Meg Peery McLaughlin
Undervalued Disciplines in Overwhelming Days: Boundaries
March 6, 2022
Luke 4: 1-13
Prayer for Illumination
Jesus, full of the Holy Spirit, returned from the Jordan and was led by the Spirit in the wilderness, 2 where for forty days he was tempted by the devil. He ate nothing at all during those days, and when they were over, he was famished. 3 The devil said to him, “If you are the Son of God, command this stone to become a loaf of bread.” 4 Jesus answered him, “It is written, ‘One does not live by bread alone.’”
5 Then the devil led him up and showed him in an instant all the kingdoms of the world. 6 And the devil said to him, “To you I will give their glory and all this authority; for it has been given over to me, and I give it to anyone I please. 7 If you, then, will worship me, it will all be yours.” 8 Jesus answered him, “It is written,
‘Worship the Lord your God, and serve only him.’”
9 Then the devil took him to Jerusalem, and placed him on the pinnacle of the temple, saying to him, “If you are the Son of God, throw yourself down from here, 10 for it is written,
‘He will command his angels concerning you,
to protect you,’
11 and ‘On their hands they will bear you up,
so that you will not dash your foot against a stone.’”
12 Jesus answered him, “It is said, ‘Do not put the Lord your God to the test.’” 13 When the devil had finished every test, he departed from him until an opportune time.
In the hours after Russia invaded Ukraine,
I saw this image, this prayer.
It is a simple drawing of the borders of Ukraine
with an invitation to trace a finger along the curves
God, protect your children who dwell within these borders,
keep these borders safe, keep their lives.
And if we were take the global
and touch it down here,
I wonder if as part of our Lenten discipline,
I wonder if we could trace the edges of our own boundaries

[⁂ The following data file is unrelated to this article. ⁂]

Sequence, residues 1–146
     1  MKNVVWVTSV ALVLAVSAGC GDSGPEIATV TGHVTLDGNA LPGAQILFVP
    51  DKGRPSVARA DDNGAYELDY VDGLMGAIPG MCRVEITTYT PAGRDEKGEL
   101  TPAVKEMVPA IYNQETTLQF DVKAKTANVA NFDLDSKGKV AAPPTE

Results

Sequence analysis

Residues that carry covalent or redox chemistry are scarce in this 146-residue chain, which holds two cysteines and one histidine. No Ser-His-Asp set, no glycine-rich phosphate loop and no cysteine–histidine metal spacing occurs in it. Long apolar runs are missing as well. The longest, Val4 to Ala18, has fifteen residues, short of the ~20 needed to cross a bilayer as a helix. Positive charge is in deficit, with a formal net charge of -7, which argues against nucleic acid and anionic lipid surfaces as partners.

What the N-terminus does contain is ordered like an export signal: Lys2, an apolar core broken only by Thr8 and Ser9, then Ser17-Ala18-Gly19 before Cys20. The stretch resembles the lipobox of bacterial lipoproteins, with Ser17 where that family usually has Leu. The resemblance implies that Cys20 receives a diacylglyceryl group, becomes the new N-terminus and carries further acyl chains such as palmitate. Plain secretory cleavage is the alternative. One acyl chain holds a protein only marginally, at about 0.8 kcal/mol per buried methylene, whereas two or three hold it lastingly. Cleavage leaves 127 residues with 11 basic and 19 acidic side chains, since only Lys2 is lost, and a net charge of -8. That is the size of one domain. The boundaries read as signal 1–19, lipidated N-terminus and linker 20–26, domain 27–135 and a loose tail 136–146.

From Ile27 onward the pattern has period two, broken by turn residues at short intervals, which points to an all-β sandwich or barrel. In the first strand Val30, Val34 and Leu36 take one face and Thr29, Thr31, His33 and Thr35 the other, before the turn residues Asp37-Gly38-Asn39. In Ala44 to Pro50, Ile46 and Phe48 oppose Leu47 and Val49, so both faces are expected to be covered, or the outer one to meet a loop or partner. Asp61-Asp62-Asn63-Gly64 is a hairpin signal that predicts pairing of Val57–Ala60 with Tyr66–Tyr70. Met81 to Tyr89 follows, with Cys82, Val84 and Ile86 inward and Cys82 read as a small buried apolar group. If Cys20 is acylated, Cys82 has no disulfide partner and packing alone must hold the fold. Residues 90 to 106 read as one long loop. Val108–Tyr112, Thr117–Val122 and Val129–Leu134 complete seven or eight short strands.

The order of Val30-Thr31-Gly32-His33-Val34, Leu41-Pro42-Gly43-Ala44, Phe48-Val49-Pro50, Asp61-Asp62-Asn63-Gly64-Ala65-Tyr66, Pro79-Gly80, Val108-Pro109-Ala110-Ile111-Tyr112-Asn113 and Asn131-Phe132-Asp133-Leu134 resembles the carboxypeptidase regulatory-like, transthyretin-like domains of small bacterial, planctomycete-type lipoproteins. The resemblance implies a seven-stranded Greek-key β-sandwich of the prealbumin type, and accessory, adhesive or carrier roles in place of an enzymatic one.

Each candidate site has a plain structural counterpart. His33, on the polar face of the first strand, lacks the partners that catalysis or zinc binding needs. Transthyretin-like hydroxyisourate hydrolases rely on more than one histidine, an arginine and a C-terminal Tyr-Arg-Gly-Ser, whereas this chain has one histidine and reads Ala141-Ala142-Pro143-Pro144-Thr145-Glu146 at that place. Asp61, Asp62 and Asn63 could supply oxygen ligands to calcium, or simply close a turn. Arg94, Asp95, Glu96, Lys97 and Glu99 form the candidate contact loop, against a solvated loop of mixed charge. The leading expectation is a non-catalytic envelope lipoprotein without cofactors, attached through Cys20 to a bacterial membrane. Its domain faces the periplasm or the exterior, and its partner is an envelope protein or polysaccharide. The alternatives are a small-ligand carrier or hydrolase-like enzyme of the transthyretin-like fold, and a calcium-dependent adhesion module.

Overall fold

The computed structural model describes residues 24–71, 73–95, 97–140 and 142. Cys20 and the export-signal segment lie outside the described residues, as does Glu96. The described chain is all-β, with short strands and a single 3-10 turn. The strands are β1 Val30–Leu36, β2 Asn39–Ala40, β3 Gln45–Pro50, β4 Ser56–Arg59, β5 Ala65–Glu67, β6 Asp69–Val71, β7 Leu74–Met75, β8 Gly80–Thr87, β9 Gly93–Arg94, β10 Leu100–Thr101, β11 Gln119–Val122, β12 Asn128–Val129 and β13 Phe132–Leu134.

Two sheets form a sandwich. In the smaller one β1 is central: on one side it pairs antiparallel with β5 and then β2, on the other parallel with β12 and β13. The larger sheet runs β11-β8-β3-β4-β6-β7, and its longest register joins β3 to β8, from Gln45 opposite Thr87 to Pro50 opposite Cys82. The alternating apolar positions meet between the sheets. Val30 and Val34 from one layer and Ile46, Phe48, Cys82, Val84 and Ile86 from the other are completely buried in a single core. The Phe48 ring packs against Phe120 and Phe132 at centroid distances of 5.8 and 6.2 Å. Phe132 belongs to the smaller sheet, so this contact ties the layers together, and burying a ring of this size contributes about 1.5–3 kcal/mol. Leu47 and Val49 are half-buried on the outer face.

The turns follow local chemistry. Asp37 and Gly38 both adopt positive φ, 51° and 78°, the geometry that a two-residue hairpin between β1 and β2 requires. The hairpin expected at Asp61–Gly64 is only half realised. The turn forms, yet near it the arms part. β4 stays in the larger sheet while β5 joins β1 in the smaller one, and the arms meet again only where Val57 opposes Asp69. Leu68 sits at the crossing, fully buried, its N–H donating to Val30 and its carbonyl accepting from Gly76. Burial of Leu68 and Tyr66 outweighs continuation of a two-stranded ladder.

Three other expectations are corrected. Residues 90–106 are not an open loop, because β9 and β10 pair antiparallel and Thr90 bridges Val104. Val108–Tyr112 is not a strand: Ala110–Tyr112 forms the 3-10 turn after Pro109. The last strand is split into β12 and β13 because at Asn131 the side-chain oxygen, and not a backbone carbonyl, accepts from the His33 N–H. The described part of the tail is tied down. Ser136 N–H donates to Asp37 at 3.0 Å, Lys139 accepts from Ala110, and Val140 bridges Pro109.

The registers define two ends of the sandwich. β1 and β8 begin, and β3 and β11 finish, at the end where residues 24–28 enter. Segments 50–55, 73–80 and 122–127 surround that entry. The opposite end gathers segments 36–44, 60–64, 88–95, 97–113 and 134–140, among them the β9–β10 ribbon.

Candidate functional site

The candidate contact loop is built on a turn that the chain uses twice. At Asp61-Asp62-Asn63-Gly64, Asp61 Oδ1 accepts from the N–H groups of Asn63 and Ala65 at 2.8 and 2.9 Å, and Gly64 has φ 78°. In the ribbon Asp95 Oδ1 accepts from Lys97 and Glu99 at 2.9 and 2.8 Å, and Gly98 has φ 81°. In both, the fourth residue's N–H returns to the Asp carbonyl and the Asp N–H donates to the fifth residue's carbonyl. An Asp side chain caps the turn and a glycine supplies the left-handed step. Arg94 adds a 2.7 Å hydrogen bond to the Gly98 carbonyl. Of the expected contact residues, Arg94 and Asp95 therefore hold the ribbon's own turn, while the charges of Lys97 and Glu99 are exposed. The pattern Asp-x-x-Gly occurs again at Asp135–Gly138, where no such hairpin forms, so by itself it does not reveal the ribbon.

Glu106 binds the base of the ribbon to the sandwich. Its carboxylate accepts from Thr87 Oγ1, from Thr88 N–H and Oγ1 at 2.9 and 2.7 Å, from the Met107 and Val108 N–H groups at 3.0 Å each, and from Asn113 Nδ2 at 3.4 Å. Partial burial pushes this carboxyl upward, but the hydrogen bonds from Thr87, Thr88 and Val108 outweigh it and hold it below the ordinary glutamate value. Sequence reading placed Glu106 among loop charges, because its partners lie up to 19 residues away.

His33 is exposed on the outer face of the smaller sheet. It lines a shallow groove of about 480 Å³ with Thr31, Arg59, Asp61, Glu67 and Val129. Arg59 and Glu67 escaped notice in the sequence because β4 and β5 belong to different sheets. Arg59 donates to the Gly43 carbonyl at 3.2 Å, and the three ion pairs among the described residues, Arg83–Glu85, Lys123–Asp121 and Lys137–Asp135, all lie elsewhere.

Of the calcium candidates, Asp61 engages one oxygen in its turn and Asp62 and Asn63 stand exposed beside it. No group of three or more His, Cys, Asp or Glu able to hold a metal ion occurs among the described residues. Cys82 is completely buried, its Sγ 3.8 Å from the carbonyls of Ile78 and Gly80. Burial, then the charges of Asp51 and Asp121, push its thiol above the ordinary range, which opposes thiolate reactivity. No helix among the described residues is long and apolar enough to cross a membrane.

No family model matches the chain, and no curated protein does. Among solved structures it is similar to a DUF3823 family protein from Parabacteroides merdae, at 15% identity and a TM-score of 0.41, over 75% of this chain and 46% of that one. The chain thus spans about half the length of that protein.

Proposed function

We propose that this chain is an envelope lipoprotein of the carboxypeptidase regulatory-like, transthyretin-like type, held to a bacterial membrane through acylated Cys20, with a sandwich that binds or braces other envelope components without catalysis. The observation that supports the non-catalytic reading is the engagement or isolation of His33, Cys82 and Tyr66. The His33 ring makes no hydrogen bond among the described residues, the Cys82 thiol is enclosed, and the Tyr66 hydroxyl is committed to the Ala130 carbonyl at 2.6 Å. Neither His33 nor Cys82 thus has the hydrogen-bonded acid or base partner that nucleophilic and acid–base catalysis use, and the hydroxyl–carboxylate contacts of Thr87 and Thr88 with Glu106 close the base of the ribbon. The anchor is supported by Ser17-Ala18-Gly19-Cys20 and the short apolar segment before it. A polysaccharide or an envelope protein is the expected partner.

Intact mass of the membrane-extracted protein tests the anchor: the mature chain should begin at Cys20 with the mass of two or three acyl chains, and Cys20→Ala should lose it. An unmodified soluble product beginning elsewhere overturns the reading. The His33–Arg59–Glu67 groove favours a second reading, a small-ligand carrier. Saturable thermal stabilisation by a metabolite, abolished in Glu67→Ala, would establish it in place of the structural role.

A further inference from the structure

and whisper a similar prayer.
(And frankly if everyone did this, I wonder how it would transform the globe).
For the next 40 days, this church will be considering
some off-the-beaten-path spiritual practices
acts of embodied faith that don’t get as much air-time in pulpits
but are nonetheless
ways in which we connect to God and deepen our discipleship.
Today, we consider what it is to express healthy boundaries
in this story of Jesus’ temptation in the wilderness.
Fred Craddock suggests that this is the scene
where Jesus is figuring out what it really means to be about God’s business.
We are only in chapter 4— he hasn’t yet started his ministry.
The first temptation is social– will Jesus’ ministry be one of turning stones to bread? (Hungry people would certainly hope so).
The second is political – will Jesus compromise his soul in order to achieve good for the people of this world? (Oppressed people certainly hope so).
The last is religious– will Jesus win Jerusalem by coercing faith,
avoiding death by the display of supernatural power?
(Anyone longing for proof of God’s power hopes so).
Jesus, full of the Holy Spirit, Luke tells us,
Jesus turns to scripture at every turn.
And refuses to allow anyone restrict his ministry.
But more than that, what strikes me about this story,
is that Jesus remembers who he is, who he really is.
Notice that 2 out of the 3 time the devil speaks he starts the same way:
If you are the son of God, he says.
As those borders define Ukraine, so boundaries define us.
But as distinct from human-made borders,
boundaries are God made—they are part of who we are created to be.
Boundaries define what is me and what is not me.
A boundary shows us where we end and someone else begins.
A brief aside: I’m aware that most likely, in church—or at least in a Presbyterian church– you’re used to understanding boundaries as negative;
because Jesus is always breaking boundaries in the gospel,
tearing down the boundaries between who’s in and who’s out.
But those are human-made ones and you better believe Jesus will keep on ripping them to shreds. What we’re talking about here are the boundaries in us,
around us, around our bodies, our hearts, our minds, our souls, our time,
and they are holy.
When the devil says to Jesus “If you are the Son of God”
He’s saying: If you are really you.
He’s pushing at Jesus’ boundaries—
and Jesus responds to the challenge with integrity.
The word integrity has taken a slightly judgmental nuance in modern English,
but the word comes from the Latin “integer,” which simply means “intact. ”
To be in integrity is to be one thing, whole. Boundaries clear.
Trace the boundaries of your own life for a moment in your mind
—are you in integrity? are you whole?